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Ideally, government agencies exist to serve the public and solve problems. But it doesn’t always work out that way.

Some agencies seem to do more to create and perpetuate those problems for the sake of justifying their own existence. And when those same problems persist, bureaucrats at those agencies claim it’s because they need more money. Taxes are raised over time to provide more funding to those agencies and the cycle then starts to repeat itself. Meanwhile, the original problems that the agency was charged with solving have never gone away and its promised solutions are unfulfilled.

Metro has become one of those agencies that has failed to provide responsive services to citizens. Its costs continue to increase over time, with little progress to show for the tax dollars consumed along the way.

I would submit that one of the reasons for this is that Metro, under its current leadership, has forgotten its true purpose. Instead of providing shared services for the residents of Clackamas, Multnomah and Washington counties, Metro seems intent on social engineering. The focus has been more on trying to change your behavior and the ways you choose to get around. Policies have been created and implemented with the express intent and aim of making it less convenient for you to drive so you decide to ride a bike or take light rail or a bus.

Some of the worst problems faced by residents of the Portland area and its surrounding communities in places like Clackamas County can arguably be traced back to Metro. Housing affordability, or the lack thereof, has become a huge issue that directly affects all of our pocketbooks. It begs the question of how it got so bad in the first place.

In November of 2015, the Metro board voted unanimously against allowing more land in the area to be used for housing. Board members stated at the time, incorrectly, that the available land gave enough development opportunity. This was despite the fact that thousands of people were already flocking to the region and the demand for buildable land was already outstripping the supply.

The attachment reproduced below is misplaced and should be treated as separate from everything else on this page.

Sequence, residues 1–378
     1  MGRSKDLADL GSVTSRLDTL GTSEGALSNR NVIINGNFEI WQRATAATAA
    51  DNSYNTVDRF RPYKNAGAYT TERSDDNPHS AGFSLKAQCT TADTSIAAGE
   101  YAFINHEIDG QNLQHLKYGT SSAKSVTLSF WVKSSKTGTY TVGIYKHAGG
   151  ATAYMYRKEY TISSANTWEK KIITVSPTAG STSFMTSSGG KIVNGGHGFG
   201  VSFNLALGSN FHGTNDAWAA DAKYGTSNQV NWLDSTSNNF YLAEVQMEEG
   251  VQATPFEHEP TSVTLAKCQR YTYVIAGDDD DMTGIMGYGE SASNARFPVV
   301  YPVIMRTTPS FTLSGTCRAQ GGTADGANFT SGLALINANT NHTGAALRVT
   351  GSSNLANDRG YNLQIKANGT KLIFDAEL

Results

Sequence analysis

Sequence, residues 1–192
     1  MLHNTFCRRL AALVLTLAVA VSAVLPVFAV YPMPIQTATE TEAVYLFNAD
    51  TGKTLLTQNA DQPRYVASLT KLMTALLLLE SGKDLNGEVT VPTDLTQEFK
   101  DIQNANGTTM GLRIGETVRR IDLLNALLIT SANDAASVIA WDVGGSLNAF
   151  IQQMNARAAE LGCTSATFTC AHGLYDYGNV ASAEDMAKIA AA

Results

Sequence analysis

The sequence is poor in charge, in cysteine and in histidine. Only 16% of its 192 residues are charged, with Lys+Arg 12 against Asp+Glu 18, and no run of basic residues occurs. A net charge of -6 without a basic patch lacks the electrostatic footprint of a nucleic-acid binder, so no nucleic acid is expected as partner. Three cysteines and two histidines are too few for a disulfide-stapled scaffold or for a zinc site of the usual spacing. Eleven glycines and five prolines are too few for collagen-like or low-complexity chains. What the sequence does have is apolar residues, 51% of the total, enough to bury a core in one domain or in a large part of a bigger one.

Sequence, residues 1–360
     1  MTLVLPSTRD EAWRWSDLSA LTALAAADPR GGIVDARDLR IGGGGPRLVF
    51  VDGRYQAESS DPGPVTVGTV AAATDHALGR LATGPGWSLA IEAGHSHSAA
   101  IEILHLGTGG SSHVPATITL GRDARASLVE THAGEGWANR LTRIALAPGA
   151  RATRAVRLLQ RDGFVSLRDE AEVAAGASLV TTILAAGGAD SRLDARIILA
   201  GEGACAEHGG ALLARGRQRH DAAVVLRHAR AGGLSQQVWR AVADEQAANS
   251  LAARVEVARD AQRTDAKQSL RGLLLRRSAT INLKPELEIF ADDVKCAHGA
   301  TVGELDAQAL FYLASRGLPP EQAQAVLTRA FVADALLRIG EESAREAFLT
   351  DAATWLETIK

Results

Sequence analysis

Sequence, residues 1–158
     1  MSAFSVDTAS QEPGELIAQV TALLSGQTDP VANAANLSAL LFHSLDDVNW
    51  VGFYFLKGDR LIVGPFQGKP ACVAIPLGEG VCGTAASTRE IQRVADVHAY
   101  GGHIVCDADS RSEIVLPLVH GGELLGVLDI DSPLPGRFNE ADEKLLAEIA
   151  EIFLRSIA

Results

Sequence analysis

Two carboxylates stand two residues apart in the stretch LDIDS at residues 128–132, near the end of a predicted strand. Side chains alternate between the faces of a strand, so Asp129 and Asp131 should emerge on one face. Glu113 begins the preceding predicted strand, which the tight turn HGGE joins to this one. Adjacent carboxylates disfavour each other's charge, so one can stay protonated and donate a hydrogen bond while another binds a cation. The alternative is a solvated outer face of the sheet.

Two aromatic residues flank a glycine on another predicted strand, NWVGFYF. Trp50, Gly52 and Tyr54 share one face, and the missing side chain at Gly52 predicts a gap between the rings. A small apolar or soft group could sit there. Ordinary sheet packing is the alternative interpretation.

Voters approved measure 26-199 three years later. That measure provides Metro with $650 million in bonds in the name of providing affordable housing. Once the principle and interest payments are factored in, the passage of that measure represents over $1 billion in new public debt to be paid. Then in May 2020 Metro measure 26-210 was passed that will take 250 million dollars per year for 10 years out of our pockets. That is another 2.5 billion dollars of taxation!

Under the measure, Metro is allowed to spend over $30 million on administrative costs, property purchases and commercial, office and retail use that may even include spaces for grocery stores. Metro has no requirement whatsoever to increase the overall supply of housing but is now able to buy existing units and subsidize rents.

That’s not to mention that Metro, as an organization, knows literally nothing about building houses. It is not a development company and has no expertise in these areas.

The multi-million-dollar bond is payable from taxes on property or property ownership. A huge irony of the whole situation is that the additional layers of taxation that goes towards funding Metro and its programs drives up the cost of housing and living in the area.

As if that wasn’t enough, Metro is now proposing its Get Moving 2020 initiative. This is yet another in a long line of money grabs from an agency that has a poor track record of prudently spending our tax dollars. Some of those tax dollars have been used in recent court battles to keep language off of our ballots stating that the taxes proposed under the measure are permanent.

I believe that we are well past the point of needing to have something to show for the countless tax dollars that have gone towards funding Metro for the last several decades. The passage of Measure 26-199 means that Metro’s officials and bureaucrats have no excuses for the lack of affordable housing in the area, as they’ve literally been given a blank check by voters.

I was opposed to Measure 26-199, am opposed to Get Moving 2020, and will remain against anything that involves giving Metro more of our hard-earned tax dollars to promote agendas that make it harder for the average person in this area to own their own home or drive to work in a timely manner. As your next Clackamas County Commissioner, I intend to put the interests of the county and its taxpayers first, and not those of Metro, Portland, Multnomah County or anyone else.

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